PARIS -- Executions in Iran rose by 25% in 2021, a report by two leading NGOs said Thursday (April 28), expressing alarm over a surge in the numbers executed for drug offenses and also the hanging of at least 17 women and members of ethnic minorities.
The rate of executions in Iran accelerated after the election of former judiciary chief Ebrahim Raisi to the presidency, said the report by Norway-based Iran Human Rights (IHR) and France's Together Against the Death Penalty (ECPM).
Raisi, referred to as a mass murderer by several global rights groups, is widely known as a main decision-maker in the mass execution of more than 100 political prisoners in 1988 in Iran.
The report urged world powers negotiating with Iran on reviving the 2015 nuclear deal to put its use of capital punishment at the centre of the talks.
Iran executes more people annually than any nation other than China.
At least 333 people were executed in 2021, a 25% increase from 2020, according to the report. At least 126 executions were for drug-related charges, five times higher than 2020's figure of 25.
This marked a major reversal of a decline in drug-related executions since Iran in 2017 adopted amendments to its anti-narcotics law in the face of international pressure.
Over 80% of executions were not officially announced, including all of those for drug-related offences, the report said.
The report "reveals an increase in the number of executions, an alarming rise in the implementation of death sentences for drug offences and an ongoing lack of transparency", the NGOs said.
'Tool of repression'
The report said at least 17 women were executed in 2021, compared to nine in 2020. Twelve were sentenced for murder and five on drug-related charges.
There has been growing concern over the numbers of women executed on charges of murdering a husband or relative who activists believe may have been abusive.
It noted the case of one woman, Zahra Esmaili, who shot her husband dead in 2017. She was executed in February 2021 and may have had a heart attack before being hanged after watching others suffer the same fate before her.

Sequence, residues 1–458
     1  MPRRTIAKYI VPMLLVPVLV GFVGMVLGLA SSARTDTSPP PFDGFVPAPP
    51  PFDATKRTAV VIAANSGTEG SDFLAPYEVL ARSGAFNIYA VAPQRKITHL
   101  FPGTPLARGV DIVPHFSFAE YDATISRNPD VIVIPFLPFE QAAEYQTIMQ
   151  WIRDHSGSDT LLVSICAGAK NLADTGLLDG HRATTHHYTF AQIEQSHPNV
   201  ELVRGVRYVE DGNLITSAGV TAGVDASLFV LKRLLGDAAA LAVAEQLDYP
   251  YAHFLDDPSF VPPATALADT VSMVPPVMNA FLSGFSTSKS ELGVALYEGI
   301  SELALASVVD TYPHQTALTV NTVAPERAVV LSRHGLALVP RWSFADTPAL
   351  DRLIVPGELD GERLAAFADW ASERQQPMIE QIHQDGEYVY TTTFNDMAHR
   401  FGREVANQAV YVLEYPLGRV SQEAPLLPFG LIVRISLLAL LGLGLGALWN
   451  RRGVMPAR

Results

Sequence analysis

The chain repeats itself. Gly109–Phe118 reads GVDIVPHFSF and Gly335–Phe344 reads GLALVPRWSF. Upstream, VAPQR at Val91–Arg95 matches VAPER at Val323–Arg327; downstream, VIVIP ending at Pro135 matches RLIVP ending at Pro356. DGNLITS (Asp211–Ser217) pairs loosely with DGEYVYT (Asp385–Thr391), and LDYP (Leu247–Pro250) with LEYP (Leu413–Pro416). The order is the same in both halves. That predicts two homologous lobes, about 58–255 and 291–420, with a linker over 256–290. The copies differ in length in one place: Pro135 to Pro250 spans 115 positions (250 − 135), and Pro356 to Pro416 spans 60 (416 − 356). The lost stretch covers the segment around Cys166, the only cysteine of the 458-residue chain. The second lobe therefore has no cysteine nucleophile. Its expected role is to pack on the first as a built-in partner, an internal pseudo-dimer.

In another case, Maryam Karimi was convicted for the murder of her husband and was hanged in March 2021, with her daughter personally carrying out the execution by kicking away the stool as is allowed under Iranian law.
The report also expressed concern that the execution of ethnic minorities continued to rise in 2021, accounting for a disproportionately large number of those hanged.
Prisoners from the Baluch minority accounted for 21% of all executions in 2021, although they only represent 2 to 6% of Iran's population, it said.
Most prisoners executed for security-related charges belonged to the ethnic Arab, Baluch and Kurdish minorities, it added.
"We are alarmed at the disproportionate number of ethnic minority executions as evidenced in this report," said ECPM Director Raphael Chenuil-Hazan.
Rights group Amnesty International on April 12 accused Iran of deliberately denying life-saving medical care to prisoners, saying it had confirmed 96 cases since 2010 of detainees dying after a lack of treatment.
A large proportion of the deaths took place in northwestern prisons that house many inmates from the Kurdish and Azarbaijani minorities and in southeastern Iran, where prisoners mostly belong to the Baluch minority, Amnesty said.
"The Iranian authorities' chilling disregard for human life has effectively turned Iran's prisons into a waiting room of death for ill prisoners, where treatable conditions tragically become fatal," said Diana Eltahawy, Amnesty's deputy regional director for the Middle East and North Africa.
The IHR and ECPM report said there were no public executions in Iran in 2021 for the first time in a decade but expressed concern they could start again.